The Yeah Yeah Yeahs
Riverside Theatre Milwaukee, WI
April 15, 2006
Story and photos by Phil Bonyata
The Yeah Yeah Yeahs released their sparkling debut record Fever to Tell three years ago to great critical accolades and fan support. The band is certainly not ready to ride on their young laurels just yet. The New York garage rockers were about to show the two-thirds full Riverside Theatre just why.
Lead singer and punk peacock Karen O (her last name is Orzolek) is absolutely the center of attention. She roams the stage hungry and alive while strutting and preening all the while. Her sharp and abrupt movements played nicely with her orgasmic vocals that have a full range of bloodletting shrieks, sneering growls and underground post-punk beauty.
A vocal marriage of P.J. Harvey, Chrissie Hynde and Siouxsie Sioux. "No No No" had it's start/stop opening build itself into a fiery crescendo and then had Karen O fall to the ground while the echo of the last chord filled the hall. On "Man" guitarist Nick Zinner chopped and slashed his guitar around and through O's intimidating voice. Drummer Brian Chase delivered a raw and robust beat - understanding that clarity could be sacraficed for short but intense thunderclaps from hell.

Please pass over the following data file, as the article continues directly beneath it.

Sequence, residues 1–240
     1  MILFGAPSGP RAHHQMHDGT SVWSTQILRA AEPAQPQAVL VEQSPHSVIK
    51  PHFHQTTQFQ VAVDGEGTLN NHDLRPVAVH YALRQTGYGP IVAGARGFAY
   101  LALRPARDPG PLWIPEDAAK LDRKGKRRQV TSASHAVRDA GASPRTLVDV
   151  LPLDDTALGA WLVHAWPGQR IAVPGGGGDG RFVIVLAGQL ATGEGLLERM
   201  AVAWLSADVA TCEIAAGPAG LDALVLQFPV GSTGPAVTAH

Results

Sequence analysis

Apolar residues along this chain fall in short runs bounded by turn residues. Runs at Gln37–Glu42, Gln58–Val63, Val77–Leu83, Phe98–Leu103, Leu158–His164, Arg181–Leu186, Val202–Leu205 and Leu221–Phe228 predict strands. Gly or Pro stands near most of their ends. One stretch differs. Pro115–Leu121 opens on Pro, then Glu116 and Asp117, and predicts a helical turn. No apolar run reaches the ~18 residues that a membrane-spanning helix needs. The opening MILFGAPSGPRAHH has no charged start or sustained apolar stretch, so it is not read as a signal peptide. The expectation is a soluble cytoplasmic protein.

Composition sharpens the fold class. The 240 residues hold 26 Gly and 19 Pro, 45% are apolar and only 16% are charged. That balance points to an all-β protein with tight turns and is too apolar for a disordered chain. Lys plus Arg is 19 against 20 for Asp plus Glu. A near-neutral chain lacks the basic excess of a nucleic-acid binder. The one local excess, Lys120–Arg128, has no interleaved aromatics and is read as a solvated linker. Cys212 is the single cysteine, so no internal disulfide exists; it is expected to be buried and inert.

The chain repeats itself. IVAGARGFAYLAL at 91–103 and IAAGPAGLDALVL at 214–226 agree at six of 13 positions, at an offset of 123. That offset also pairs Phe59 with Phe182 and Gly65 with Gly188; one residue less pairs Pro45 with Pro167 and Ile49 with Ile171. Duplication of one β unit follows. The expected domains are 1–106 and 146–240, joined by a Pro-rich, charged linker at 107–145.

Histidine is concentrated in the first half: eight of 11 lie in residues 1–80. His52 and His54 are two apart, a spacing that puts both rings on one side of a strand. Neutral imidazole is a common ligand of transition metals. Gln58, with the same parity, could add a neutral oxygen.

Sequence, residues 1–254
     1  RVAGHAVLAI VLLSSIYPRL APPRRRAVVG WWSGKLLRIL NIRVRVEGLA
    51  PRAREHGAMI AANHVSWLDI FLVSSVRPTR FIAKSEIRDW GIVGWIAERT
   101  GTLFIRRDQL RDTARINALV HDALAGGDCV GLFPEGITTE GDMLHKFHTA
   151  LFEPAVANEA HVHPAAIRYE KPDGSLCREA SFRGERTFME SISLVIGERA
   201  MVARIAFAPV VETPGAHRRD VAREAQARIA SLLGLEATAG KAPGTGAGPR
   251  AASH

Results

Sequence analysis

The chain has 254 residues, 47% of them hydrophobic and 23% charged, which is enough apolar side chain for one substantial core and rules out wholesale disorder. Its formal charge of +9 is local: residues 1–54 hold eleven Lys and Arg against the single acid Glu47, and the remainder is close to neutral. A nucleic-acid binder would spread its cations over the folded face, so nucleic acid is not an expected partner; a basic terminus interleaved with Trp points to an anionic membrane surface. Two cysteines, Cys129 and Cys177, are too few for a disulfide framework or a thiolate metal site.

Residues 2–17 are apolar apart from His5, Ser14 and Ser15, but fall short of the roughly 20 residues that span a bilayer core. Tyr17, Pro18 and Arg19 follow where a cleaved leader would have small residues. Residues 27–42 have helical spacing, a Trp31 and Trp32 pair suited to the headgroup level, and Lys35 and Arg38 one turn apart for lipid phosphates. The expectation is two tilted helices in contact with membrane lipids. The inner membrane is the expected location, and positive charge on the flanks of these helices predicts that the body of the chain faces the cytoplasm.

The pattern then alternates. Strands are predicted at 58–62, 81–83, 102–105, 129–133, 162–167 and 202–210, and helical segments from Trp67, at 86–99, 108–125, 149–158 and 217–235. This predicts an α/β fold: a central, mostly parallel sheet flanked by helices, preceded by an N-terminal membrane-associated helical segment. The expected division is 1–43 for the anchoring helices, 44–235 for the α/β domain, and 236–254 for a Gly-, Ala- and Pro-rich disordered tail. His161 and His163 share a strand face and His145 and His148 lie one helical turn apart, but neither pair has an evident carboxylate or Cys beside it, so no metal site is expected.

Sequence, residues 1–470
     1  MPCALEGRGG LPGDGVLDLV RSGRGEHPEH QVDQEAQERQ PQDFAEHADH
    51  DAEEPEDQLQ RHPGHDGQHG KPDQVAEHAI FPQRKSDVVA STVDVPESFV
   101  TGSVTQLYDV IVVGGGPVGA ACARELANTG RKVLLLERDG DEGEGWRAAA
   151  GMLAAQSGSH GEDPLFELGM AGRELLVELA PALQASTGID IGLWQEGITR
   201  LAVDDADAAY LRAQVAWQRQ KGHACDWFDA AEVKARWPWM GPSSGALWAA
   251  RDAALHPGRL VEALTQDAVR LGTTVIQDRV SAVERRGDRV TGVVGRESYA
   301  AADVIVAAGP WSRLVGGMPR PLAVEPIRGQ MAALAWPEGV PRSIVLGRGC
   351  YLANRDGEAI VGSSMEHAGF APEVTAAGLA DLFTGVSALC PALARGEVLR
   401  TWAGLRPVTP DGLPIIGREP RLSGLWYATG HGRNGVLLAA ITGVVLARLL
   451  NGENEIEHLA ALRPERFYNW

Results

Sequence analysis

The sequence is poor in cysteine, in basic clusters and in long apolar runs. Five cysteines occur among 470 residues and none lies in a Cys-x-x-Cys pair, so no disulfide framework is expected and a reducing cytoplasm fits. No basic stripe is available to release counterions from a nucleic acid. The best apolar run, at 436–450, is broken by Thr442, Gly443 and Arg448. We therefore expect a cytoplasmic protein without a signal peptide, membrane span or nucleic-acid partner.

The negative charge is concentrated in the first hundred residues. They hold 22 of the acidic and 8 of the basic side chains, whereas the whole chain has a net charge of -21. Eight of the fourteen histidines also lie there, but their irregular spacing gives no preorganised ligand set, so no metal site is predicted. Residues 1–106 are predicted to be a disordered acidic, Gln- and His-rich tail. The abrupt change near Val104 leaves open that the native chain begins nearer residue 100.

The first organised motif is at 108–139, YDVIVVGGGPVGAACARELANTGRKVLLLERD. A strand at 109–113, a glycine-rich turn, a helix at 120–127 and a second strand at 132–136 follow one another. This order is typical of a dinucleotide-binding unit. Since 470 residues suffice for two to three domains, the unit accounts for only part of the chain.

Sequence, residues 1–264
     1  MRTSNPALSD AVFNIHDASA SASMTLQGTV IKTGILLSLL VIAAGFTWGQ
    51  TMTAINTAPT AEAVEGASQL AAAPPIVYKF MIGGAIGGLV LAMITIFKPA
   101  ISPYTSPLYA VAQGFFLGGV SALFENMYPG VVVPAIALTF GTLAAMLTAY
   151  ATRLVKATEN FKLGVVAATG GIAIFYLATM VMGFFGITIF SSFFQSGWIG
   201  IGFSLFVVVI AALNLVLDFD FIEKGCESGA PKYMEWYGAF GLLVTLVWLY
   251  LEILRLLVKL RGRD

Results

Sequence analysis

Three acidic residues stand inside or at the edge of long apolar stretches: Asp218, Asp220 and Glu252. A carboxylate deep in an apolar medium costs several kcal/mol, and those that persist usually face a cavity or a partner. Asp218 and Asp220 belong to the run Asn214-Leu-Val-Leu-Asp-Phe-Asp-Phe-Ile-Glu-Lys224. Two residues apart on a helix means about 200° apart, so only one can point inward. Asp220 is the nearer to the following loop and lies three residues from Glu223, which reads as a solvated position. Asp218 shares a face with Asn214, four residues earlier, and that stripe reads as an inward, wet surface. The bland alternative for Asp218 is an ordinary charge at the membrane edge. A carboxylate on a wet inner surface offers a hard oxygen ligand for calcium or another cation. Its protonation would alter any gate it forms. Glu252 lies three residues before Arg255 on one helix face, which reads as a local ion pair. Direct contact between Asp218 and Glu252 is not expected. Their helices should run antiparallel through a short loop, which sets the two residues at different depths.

With disco balls shimmering from all over the stage floor - the band showcased almost every song off of their sophomore effort Show Your Bones. Including the greasy thrash of "Mysteries," "Dudley" and "Cheated Hearts," and the country-soaked "Turn Into." The band is always riding the fine line between real musicianship and absolute abandon. They know this and nurture it with great skill. Meanwhile Karen O casts a striking image with her long, bare arms and legs, bowl cut hair, strange make-up and wild clothes. What she doesn't have is a too cool punk attitude like The Strokes - you see this garage diva smiling so often you know she is truly having fun onstage.
"Maps" played out like a grimy, minimalist love song blaring from some anonymous room deep inside New York's Chelsea Hotel. "Modern Romance" laid itself even more barren - with the chrous and simple chord progressions peeking through the cracks in the spartan musical pavement.
With nu-punk bands breeding like dandelions and corrupting the spirit of punk and garage rock with their record label friendly music and safeness, it's so refreshing to see a band like The Yeah Yeah Yeahs recapture (and in turn revitalize) it's danger and dadaist spirit.
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